Terminated CEO's Suit To Enforce Right of First Refusal Allowed To Proceed

In Gower v. Trux, Inc. (Del. Ch. Feb. 23, 2022), the Delaware Court of Chancery analyzed whether a terminated CEO could rely upon a Stockholder’s Right of First Refusal (ROFR) agreement to block a subsequent stock purchase agreement executed by his former employer. The court ruled that even if the former employee had no intention of exercising his right of first refusal or co-sale rights, a breach of the ROFR could result in the voiding and nullification of the underlying sale.

Plaintiff Gower was Trux’s CEO. In February 2020, Trux’s board purported to terminate Gower “for cause.” Several large shareholders disagreed with Gower’s decision to seek venture capital funding. The Trux shareholders who controlled the board wanted to sell the company immediately. Gower and the company, of course, disputed whether the termination was properly “for cause” and also disagreed about the resulting impact on Gower’s vested and unvested share ownership. Gower claimed he owned 1.4 million shares after his termination. Trux claimed he owned only 800,000.

Just six weeks later and in the midst of Gower’s disputed termination, Trux’s board agreed to sell all its outstanding shares to one of Trux’s largest customers. Trux asked Gower to approve the transaction. Predictably, Gower balked at consenting to the transaction and asked for more details, including the opportunity to review the purchase agreement. Trux refused and informed Gower two weeks later that it had executed the stock purchase agreement to sell all of Trux’s shares.

Gower cried foul. He claimed Trux’s board breached the shareholders’ ROFR agreement, in that he was denied the full 60-days to review and determine if he wished to exercise his rights. Gower also sought a declaratory judgment voiding the sale. Defendants moved to dismiss Gower’s claims.

The ROFR agreement set forth the process all Trux shareholders were required to follow to sell or transfer their shares. The ROFR required, among other things, a 60-day notice period for any sale of stock. If any shareholder wished to sell stock, the ROFR triggered a waterfall of rights, giving various classes of shareholders and the company the right to purchase the shares first. Any stock sale in violation of the ROFR would make the resulting sale null and void under the ROFR’s express terms.

In its detailed 41-page opinion, the chancery court concluded Gower adequately alleged Trux’s sale breached the ROFR. Defendants conceded they failed to give Gower the required 60-day notice, but argued it was immaterial because Gower neither wanted to nor “could have exercised any of those first-refusal rights.” The court flatly rejected that argument, finding it was contrary to the ROFR’s plain meaning and would render vast swathes of the ROFR was “mere surplusage.” Defendants also argued that because all other Trux shareholders waived the notice provision, Gower was foreclosed from relying on the ROFR’s 60-day notice requirement. The court easily rejected this argument, finding that the other shareholders’ actions were immaterial to Gower’s ability to enforce the ROFR. The court also denied the defendants’ laches argument. Defendants claimed that Gower “waited 232 days to file his lawsuit and unwinding the Share Sales would cause substantial prejudice.” The court looked to the ROFR’s terms, which provided that “no delay or omission to exercise any right . . . shall impair any such right.”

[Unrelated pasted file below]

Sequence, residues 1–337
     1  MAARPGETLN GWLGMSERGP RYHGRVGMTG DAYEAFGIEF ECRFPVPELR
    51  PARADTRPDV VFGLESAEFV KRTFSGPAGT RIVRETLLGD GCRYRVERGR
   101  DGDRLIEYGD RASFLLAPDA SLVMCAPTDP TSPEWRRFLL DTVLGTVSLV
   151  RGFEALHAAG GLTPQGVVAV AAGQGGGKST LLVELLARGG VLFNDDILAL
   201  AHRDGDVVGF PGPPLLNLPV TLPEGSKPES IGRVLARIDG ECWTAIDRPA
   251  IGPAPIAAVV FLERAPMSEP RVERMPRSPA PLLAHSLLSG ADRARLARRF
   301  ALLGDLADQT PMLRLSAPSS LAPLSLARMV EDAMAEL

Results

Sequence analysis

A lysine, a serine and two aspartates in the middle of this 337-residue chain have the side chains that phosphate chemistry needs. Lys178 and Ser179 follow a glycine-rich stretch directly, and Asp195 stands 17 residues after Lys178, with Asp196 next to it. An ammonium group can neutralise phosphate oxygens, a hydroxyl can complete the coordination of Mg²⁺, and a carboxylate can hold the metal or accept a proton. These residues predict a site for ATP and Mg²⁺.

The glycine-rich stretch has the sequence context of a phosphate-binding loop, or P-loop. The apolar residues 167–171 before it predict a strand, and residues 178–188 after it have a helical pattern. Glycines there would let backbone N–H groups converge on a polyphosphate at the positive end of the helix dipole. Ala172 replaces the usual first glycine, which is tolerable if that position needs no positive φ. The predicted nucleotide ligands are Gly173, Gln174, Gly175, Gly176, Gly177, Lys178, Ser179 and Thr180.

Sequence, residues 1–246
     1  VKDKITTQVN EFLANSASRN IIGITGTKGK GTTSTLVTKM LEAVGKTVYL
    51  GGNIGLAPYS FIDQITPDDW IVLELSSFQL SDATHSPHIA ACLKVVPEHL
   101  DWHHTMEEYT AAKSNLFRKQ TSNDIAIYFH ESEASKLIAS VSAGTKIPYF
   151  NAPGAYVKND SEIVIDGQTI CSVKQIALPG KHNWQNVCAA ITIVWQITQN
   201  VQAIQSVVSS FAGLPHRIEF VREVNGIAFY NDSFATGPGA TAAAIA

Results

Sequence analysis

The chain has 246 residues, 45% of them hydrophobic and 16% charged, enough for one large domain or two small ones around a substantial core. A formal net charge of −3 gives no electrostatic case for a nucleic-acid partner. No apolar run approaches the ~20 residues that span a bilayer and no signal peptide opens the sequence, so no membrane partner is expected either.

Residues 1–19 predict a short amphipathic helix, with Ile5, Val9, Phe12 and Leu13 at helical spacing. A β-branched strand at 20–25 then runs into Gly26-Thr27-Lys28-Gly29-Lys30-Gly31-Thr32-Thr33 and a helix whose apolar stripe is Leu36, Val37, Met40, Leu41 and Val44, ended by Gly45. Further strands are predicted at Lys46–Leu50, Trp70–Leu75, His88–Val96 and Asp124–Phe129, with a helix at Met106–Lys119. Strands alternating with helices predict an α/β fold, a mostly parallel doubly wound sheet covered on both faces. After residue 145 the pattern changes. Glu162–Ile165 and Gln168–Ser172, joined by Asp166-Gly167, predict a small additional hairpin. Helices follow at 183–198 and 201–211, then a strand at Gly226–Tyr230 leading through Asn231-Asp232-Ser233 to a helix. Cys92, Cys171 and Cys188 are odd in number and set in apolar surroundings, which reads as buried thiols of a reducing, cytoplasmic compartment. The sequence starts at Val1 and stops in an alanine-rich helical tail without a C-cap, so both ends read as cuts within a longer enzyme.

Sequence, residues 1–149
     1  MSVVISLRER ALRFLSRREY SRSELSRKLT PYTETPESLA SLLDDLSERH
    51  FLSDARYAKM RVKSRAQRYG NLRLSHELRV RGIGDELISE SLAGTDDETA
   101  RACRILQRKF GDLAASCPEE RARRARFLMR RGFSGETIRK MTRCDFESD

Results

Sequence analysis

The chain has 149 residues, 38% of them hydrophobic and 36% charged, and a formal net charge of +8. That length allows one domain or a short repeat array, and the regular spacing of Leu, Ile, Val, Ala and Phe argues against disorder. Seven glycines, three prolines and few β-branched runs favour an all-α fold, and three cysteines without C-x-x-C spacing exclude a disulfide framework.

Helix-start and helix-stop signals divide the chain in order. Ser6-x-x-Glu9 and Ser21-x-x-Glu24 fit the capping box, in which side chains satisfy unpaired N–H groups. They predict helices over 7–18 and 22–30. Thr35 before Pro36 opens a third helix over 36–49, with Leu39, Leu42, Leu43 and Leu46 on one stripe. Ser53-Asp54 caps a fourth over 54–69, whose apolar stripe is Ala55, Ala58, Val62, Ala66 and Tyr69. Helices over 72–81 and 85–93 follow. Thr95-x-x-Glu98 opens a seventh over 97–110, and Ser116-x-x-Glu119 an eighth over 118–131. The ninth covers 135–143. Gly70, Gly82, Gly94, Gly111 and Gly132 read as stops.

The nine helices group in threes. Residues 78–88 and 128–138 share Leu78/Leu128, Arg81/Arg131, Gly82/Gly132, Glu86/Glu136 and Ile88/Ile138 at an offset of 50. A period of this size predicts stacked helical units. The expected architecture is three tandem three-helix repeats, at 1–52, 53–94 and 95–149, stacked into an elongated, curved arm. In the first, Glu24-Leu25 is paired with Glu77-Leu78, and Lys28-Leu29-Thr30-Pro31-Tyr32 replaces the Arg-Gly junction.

Key Takeaways:

  • Patience, patience, patience. The company already had the CEO’s wrongful termination suit on its hands. There was also a dispute about the CEO’s vested ownership percentage. Why exacerbate matters and knowingly cram through a transaction in 30 days when 60 days was required? Exhibiting just a little bit of patience would have avoided what will undoubtedly be time-consuming, expensive litigation. Now — nearly two years after company’s ownership changed hands — just imagine the difficulties of unwinding this sale. The company will likely have to pay its former CEO handsomely to avoid those complications.
  • The Gower decision is a good reminder that a ROFR will be enforced, regardless of whether a party has the desire or ability to exercise the ROFR’s rights. It’s likely true that this former CEO neither wanted to nor could have come up with the money to step into the purchaser’s shoes. But the ROFR’s terms still needed to follow — particularly in a setting like this where the company and a shareholder were already tangled up in a fight.
  • The ROFR agreement provided that “no delay or omission to exercise any right, power or remedy accruing to any party under this Agreement, shall impair any such right, power or remedy of such non-breaching or non-defaulting party.”  Drafters of such documents should think long and hard if this provision is appropriate. The provision is probably fatal to a laches argument. The statute of limitations for contractual breaches in many jurisdictions is 10 years. Do you want to give someone that long to challenge a transaction?

The company curiously refused to share the stock purchase agreement with Gower when he requested it. That’s reminiscent of a recent update where a seller was refused access to underlying closing documents, and only discovered seller’s misconduct a year later via a press article. Gower’s counsel was smart. Insist on full disclosure and refuse consent until it’s given.

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